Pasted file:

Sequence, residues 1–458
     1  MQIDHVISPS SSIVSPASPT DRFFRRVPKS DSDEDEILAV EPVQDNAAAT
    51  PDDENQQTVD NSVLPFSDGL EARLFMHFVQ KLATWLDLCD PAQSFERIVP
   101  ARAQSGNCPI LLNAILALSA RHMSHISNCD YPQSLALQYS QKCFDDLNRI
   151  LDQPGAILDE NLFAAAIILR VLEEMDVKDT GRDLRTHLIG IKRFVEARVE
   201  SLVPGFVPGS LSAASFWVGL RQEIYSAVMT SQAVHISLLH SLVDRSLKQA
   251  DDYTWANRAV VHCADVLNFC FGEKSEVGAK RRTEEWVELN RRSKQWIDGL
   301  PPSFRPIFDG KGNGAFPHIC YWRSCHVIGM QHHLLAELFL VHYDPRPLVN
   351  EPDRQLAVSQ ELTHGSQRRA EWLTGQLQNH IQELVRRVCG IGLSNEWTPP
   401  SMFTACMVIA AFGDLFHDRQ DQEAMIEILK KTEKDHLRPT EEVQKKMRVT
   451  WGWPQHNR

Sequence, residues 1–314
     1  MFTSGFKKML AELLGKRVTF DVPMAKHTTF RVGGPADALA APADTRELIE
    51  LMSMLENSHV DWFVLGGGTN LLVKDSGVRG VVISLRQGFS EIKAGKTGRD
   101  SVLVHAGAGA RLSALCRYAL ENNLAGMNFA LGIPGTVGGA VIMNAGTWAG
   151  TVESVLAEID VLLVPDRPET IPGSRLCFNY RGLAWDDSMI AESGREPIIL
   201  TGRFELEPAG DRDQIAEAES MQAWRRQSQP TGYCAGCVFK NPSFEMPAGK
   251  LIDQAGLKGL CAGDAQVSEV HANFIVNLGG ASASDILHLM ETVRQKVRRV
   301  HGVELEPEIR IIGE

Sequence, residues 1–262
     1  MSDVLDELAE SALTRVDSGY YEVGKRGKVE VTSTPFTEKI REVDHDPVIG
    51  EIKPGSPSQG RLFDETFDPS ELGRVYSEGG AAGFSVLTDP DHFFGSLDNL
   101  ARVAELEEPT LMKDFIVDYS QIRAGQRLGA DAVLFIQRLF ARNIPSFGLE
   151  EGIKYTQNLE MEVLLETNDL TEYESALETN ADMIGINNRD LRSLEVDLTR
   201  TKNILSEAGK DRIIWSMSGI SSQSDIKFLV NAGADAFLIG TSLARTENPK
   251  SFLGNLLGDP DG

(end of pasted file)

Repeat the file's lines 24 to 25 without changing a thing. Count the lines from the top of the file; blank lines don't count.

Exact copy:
   151  EGIKYTQNLE MEVLLETNDL TEYESALETN ADMIGINNRD LRSLEVDLTR
   201  TKNILSEAGK DRIIWSMSGI SSQSDIKFLV NAGADAFLIG TSLARTENPK